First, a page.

Bashkirskiy Pchela, Башкирский Пчела
Bashkir honey is produced by a population of Bashkir (Burzyan) bees unique to the Republic of Bashkortostan (Bashkiria) in the Ural Mountains, Russia. This specific variety of bee is of the Middle Russian Honey Bee species, a descendent of the European Black Bee (Apis mellifera mellifera), which has formed after millions of years of geographic isolation. Bashkir bees have valuable ecological and economical qualities: they are resistant to disease, severe cold and long winters, as well as producing a high quantity of rich single flower honey, usually from the linden tree.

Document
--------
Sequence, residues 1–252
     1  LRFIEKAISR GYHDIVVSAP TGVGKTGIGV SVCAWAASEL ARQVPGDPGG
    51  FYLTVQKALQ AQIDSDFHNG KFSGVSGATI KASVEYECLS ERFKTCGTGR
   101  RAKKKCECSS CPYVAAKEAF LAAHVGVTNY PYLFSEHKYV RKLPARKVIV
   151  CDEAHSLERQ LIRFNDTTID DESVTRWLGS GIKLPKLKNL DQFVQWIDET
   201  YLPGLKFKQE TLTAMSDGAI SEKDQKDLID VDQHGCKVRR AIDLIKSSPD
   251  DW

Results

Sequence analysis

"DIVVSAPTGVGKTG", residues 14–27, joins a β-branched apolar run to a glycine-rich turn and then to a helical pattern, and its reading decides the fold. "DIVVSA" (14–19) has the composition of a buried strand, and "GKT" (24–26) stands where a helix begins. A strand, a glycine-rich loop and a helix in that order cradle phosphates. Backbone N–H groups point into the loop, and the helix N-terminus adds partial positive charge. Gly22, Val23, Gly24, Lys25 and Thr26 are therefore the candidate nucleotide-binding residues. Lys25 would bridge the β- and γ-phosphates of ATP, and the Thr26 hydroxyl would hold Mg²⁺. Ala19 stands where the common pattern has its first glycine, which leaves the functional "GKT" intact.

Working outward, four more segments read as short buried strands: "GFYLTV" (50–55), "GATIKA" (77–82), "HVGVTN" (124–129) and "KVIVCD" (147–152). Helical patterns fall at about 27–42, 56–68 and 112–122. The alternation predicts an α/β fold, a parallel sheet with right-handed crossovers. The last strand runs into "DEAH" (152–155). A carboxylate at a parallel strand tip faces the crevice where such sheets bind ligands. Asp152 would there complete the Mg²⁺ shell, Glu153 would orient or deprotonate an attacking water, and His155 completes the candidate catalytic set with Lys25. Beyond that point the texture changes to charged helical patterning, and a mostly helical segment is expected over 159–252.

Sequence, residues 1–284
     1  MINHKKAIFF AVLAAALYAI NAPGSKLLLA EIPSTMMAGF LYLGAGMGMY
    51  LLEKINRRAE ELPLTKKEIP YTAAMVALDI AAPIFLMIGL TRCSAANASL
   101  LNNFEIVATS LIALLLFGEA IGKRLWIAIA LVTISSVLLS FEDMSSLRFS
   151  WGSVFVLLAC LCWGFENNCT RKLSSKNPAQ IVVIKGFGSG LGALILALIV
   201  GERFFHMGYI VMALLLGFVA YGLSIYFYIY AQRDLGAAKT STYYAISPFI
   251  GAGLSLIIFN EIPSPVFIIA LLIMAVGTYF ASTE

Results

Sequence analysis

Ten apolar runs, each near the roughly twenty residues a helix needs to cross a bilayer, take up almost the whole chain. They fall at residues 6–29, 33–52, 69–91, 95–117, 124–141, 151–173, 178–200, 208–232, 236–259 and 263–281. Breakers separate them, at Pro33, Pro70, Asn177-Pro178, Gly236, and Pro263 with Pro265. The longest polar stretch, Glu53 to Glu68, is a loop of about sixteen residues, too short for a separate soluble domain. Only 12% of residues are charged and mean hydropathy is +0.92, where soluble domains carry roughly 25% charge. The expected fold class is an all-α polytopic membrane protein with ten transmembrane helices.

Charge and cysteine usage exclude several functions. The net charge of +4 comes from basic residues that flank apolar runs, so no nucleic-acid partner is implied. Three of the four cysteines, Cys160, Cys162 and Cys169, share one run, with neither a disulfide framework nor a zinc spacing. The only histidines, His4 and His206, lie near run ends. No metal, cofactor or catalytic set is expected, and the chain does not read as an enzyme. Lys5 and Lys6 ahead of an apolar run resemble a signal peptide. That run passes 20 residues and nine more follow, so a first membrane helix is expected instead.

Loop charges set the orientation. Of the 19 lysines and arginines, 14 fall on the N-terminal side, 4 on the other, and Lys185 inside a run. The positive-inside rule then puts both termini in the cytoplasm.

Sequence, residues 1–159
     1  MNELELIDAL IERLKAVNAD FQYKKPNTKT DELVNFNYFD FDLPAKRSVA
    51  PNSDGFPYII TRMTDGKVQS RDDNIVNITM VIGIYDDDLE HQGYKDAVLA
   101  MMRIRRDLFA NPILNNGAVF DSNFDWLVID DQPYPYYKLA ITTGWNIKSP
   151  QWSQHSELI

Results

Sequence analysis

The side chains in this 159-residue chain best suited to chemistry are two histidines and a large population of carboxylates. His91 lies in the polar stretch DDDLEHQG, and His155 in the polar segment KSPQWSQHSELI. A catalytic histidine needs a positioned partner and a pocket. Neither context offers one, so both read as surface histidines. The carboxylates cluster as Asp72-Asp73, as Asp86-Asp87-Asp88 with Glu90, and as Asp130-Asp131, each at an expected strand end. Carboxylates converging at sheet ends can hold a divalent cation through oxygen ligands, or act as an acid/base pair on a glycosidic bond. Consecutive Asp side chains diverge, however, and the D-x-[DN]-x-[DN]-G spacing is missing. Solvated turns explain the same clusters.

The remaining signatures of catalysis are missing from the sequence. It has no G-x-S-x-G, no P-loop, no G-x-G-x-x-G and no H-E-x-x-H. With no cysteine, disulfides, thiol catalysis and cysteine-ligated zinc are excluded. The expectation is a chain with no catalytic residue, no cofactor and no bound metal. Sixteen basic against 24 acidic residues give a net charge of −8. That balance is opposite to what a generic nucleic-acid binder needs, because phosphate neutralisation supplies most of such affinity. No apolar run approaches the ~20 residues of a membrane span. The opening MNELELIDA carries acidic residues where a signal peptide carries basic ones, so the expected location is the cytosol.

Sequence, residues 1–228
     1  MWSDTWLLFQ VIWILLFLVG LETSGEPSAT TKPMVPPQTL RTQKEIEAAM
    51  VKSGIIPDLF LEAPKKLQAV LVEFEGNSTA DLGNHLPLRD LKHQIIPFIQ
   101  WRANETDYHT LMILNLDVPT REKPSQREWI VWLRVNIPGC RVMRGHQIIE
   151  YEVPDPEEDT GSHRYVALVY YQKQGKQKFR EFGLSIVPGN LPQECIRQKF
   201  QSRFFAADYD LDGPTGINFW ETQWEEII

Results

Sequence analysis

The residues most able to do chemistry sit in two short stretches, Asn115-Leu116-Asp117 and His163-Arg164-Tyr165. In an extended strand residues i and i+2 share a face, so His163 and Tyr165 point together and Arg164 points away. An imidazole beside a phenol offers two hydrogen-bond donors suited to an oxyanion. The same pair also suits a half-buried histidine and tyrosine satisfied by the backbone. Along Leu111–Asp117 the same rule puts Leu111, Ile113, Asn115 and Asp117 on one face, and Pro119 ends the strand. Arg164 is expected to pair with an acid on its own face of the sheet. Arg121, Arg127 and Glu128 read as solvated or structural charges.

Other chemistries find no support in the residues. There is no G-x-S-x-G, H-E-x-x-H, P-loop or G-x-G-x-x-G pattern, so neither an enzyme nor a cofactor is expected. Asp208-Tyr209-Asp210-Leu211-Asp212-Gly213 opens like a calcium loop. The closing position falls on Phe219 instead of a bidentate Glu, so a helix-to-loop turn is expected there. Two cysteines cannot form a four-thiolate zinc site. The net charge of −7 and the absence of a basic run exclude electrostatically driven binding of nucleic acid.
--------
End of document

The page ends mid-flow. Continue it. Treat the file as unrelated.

Local people known as bashkort, meaning “bee head” or “bee head keeper,” have been involved in beekeeping since ancient times and, though the Ural Mountains was once the most significant honey production area in Russia, honey production is endangered due to a significant decrease in the number of bee colonies. The introduction of bees from southern parts of Russia is causing genetic degradation and the Bashkir bees are becoming more susceptible to disease. However in Bashkiria there are still places with few or no southern bees and here the Bashkir honey is still produced. It is difficult to find pure Bashkir honey in markets as it is mainly sold during honey exhibitions and festivals, even winning a gold prize at the World Expo Paris in 1990.